Evolutionary linguistics – an approach to language study that takes into account our origins and development as a species – has rapidly developed in recent years. Informed by the latest findings in evolutionary theory, this book sets language within the context of human biology and development, taking ideas from fields such as psychology, neurology, biology, anthropology, genetics and cognitive science.
By factoring an evolutionary and developmental perspective into the theoretical framework, the author replaces old questions – such as ‘what is language?’ – with new questions, such as ‘how do living beings become “languaging” living beings?’
Linguistics and Evolution offers readers the first rethinking of an introductory approach to linguistics since Leonard Bloomfield’s 1933 Language. It will be of significant interest to advanced students and researchers in all subfields of linguistics, and the related fields of biology, anthropology, cognitive science and psychology.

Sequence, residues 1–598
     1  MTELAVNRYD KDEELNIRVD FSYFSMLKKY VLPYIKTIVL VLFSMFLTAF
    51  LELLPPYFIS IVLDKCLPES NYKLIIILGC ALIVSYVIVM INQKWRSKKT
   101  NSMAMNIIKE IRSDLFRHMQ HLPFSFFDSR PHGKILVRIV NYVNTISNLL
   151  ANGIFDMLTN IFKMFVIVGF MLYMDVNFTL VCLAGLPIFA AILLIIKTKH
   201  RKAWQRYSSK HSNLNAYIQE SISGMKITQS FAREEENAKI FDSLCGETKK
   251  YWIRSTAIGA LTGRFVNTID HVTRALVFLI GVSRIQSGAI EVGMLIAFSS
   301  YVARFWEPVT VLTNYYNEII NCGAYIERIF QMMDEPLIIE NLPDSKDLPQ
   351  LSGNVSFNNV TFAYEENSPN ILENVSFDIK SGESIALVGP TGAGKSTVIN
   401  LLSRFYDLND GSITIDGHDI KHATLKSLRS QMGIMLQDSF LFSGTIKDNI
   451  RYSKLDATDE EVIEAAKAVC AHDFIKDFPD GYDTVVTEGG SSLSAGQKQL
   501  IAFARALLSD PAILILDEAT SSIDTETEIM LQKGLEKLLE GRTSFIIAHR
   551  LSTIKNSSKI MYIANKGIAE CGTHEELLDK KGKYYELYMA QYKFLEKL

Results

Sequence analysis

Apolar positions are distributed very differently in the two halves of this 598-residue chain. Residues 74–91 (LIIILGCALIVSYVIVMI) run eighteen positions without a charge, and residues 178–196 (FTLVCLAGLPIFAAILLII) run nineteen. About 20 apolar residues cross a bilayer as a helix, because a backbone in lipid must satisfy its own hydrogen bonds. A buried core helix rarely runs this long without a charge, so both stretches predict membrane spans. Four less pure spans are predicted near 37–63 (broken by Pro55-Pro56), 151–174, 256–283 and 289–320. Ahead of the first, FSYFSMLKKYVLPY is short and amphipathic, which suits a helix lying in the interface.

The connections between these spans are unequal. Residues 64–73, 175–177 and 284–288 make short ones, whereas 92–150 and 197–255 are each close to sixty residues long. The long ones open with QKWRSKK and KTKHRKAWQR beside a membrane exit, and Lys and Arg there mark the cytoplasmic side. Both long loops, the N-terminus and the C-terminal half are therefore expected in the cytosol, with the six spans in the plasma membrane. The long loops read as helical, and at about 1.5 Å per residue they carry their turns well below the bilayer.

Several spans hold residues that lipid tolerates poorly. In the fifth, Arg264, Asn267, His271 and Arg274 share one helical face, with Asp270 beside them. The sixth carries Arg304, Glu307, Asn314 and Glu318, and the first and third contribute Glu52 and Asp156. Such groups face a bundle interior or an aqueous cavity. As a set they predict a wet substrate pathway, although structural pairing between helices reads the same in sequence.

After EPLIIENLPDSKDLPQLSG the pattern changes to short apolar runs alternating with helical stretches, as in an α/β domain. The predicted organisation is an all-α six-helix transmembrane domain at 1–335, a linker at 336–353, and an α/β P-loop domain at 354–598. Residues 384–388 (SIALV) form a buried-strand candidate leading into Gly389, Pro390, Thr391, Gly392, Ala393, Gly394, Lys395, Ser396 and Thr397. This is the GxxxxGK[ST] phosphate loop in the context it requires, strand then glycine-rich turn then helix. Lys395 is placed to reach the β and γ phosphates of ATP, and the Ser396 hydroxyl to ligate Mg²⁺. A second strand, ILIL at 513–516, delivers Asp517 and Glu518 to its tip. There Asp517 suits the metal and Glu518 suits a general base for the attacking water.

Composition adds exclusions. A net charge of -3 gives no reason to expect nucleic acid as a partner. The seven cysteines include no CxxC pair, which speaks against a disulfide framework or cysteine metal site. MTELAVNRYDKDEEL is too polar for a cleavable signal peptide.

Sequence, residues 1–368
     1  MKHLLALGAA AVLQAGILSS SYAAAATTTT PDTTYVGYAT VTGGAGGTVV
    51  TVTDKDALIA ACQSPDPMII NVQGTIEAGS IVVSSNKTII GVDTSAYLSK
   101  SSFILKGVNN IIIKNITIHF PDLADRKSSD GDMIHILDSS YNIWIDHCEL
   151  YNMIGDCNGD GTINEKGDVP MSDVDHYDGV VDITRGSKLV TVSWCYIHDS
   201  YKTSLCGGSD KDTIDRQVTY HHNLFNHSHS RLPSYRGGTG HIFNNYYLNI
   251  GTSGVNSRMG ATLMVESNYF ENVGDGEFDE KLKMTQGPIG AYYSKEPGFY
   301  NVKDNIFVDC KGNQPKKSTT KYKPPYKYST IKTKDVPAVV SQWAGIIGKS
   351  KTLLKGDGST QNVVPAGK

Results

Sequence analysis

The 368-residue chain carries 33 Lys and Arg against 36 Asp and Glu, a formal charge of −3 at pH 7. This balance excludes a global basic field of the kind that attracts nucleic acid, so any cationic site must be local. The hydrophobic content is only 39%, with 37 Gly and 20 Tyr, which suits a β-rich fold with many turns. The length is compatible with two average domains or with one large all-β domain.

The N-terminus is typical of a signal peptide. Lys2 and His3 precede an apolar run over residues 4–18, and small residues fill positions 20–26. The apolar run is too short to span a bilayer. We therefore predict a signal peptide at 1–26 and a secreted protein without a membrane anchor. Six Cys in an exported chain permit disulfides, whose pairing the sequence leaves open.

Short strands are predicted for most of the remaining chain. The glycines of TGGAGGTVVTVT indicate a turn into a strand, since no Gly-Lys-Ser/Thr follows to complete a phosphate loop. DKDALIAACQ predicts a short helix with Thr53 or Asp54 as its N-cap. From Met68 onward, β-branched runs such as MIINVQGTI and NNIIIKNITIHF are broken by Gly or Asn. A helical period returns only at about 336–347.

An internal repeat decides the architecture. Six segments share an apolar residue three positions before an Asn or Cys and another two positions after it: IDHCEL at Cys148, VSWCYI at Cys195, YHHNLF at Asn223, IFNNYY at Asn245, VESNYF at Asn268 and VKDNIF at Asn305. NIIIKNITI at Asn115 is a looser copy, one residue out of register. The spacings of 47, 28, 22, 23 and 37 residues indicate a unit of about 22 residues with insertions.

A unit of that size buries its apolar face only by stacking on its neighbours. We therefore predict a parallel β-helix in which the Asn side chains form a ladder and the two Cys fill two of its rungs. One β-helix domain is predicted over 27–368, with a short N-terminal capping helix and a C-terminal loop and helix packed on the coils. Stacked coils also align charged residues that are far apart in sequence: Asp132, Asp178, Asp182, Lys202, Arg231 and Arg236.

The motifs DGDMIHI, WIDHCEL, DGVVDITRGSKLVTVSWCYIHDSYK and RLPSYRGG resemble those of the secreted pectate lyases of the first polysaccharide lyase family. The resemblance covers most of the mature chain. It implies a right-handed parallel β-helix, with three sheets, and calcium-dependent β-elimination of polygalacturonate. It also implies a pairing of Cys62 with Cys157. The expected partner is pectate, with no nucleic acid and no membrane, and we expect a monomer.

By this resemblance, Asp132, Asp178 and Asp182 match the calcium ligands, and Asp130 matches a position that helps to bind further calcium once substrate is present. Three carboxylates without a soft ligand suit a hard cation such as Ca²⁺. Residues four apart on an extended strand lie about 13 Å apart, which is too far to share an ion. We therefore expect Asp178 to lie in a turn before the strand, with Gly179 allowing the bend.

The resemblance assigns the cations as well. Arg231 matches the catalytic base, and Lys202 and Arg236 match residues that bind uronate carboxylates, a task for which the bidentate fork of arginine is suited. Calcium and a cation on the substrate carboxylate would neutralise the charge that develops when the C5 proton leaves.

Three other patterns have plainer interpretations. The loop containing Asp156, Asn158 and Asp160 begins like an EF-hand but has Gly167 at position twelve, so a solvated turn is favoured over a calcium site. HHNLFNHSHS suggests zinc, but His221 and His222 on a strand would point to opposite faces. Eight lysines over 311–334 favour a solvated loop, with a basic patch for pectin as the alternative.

“This volume fulfils a most needed gap in linguistics and has a most important and controversial message for future linguists. I would definitely recommend it as required reading in an advanced linguistics course.”
–Professor Yishai Tobin, Ben-Gurion University of the Negev
“…breaks the existing deadlock in linguistic theory and suggests an approach that will be in the center of debates for years to come. Highly informative and stimulating reading.”
–Bernard H. Bichakjian, Professor Emeritus of Radboud University, author of Language in a Darwinian Perspective